Please share The Friday Buzz with anyone who may have interest.  Thank you for your time and enjoy the articles!

  • The Markets are Off and Running – For Now:  As the markets turned lower late last year, the momentum was amplified by analysts and traders who watch technical signals.  Last quarter, many major technical measures were flashing sell signals.  Well many of those same technical readings have recently turned to buy signals.  Though nothing is ever certain, it is a good sign for markets in the near-term.

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Earnings Beat Expectations to Date and Deciphering the Fed (and More)

We attributed the strong January stock rally to a bounce back from the December over-selling that occurred in the equity markets and to the Fed declaring its intention to pause future rate hikes, a stock friendly re-messaging. Earnings season is on us and will be a key driver in near term stock market performance. To date, fourth quarter earnings reports have not been stellar but are largely beating expectations. We also want to revisit the Fed decision to pause rate hikes in the context of an astute question recently asked by a client.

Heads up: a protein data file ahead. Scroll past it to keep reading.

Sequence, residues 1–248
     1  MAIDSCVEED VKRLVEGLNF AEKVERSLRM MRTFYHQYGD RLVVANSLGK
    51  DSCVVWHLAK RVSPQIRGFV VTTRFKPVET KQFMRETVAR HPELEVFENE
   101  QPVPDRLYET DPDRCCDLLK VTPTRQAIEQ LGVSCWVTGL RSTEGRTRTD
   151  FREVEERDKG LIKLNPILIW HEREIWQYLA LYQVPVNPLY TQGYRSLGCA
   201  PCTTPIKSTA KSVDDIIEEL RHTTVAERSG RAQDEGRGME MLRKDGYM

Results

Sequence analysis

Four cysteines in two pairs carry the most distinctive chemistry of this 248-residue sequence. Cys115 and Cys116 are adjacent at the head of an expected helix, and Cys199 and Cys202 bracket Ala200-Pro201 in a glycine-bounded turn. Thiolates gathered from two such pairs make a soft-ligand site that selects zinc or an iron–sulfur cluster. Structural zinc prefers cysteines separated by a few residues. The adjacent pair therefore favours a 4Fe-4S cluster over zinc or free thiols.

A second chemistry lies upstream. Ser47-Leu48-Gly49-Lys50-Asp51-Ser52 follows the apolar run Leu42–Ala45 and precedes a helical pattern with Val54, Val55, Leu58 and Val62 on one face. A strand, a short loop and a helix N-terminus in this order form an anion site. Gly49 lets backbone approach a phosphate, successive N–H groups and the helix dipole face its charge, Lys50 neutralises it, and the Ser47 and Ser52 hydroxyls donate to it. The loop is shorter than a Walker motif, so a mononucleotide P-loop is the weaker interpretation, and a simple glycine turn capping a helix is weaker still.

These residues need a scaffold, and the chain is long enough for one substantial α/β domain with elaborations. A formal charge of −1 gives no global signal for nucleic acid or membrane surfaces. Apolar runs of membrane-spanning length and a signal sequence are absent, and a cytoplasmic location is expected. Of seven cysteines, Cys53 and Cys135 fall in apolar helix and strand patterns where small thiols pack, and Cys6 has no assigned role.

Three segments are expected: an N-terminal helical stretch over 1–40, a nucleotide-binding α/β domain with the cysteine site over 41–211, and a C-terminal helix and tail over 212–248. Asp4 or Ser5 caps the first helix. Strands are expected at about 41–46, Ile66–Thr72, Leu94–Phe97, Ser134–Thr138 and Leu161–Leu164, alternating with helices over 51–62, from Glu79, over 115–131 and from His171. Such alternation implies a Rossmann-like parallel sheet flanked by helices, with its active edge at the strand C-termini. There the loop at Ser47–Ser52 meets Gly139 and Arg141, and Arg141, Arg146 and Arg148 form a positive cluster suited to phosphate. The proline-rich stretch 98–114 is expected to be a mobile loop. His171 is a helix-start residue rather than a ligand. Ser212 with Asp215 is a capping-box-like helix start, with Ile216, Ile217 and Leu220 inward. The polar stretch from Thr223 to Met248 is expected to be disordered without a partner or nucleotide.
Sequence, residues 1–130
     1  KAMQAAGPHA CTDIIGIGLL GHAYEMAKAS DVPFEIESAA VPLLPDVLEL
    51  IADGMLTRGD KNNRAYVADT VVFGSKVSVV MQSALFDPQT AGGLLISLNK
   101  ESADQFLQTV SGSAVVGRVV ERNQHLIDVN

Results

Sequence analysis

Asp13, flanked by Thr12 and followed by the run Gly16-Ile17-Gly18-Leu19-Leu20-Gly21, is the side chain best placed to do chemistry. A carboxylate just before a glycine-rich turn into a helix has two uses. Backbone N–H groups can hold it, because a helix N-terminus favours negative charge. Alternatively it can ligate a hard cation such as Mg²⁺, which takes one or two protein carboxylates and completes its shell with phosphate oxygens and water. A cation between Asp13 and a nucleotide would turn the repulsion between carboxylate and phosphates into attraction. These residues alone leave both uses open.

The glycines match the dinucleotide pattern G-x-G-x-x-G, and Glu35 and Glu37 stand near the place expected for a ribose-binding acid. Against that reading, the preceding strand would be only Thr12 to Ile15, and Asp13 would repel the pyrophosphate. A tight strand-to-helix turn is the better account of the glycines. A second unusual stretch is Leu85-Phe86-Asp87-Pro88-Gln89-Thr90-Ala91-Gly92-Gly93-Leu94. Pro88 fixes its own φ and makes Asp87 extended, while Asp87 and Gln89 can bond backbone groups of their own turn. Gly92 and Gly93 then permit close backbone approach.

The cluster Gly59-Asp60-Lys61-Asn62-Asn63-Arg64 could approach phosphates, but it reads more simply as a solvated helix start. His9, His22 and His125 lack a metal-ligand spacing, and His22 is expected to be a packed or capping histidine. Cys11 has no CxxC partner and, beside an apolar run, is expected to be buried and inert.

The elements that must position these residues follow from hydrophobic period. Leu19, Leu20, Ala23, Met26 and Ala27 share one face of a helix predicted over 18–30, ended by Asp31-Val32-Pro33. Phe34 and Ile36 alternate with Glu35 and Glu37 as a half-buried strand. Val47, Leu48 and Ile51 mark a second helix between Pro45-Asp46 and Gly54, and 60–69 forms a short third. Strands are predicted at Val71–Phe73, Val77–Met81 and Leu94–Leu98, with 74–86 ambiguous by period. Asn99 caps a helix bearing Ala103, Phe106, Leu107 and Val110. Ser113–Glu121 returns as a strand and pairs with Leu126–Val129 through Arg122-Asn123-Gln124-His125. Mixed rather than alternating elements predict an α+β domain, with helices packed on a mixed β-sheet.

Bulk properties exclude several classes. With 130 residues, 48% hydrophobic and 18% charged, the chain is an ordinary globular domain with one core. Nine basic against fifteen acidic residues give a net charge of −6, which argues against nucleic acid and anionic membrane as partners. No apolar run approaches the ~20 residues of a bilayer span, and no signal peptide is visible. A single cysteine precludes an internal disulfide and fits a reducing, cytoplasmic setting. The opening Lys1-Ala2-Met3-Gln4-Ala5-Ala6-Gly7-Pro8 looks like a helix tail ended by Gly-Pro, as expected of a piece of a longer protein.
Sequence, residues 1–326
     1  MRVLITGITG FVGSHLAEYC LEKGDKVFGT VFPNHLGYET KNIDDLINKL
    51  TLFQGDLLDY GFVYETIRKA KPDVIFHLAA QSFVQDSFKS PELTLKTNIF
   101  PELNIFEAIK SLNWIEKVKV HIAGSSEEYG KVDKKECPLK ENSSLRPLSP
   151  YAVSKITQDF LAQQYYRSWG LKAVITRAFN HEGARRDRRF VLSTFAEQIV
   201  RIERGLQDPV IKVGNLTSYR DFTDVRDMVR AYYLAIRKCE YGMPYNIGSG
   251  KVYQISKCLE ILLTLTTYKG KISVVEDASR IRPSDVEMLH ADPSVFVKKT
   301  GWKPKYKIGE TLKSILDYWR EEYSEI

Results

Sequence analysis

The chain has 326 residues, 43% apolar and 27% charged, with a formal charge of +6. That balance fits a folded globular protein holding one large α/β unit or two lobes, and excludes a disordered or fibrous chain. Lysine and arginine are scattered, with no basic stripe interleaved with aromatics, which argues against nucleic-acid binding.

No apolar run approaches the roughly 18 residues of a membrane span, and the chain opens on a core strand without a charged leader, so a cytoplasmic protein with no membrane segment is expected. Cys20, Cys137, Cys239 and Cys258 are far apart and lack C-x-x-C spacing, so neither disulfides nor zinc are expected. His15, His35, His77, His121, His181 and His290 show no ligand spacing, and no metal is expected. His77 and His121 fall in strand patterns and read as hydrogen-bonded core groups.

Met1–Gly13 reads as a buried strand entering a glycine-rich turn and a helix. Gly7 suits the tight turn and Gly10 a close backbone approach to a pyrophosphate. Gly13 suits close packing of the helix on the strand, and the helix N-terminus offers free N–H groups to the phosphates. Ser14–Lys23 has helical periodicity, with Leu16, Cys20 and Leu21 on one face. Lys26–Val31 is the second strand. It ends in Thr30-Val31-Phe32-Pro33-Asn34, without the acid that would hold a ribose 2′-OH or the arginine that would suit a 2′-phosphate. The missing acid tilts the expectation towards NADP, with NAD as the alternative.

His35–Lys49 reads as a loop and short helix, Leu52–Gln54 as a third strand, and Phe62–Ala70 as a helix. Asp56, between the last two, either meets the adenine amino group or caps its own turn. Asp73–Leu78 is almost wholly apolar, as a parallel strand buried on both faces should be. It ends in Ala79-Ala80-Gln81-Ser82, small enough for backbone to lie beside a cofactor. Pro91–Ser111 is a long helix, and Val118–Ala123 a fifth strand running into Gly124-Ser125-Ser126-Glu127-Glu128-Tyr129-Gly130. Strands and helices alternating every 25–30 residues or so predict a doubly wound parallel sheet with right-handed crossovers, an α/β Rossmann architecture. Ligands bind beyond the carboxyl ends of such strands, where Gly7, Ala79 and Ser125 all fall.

• Earnings Beating Expectations: We know that over time stock returns correlate closely with corporate earnings, adjusting for inflation. The current situation appears to be a period when exceeding expectations matters as much or more than objective earnings. It’s as if investors are exhaling, noting that earnings may not be great but are better than feared. This NYT article illustrates the dynamic.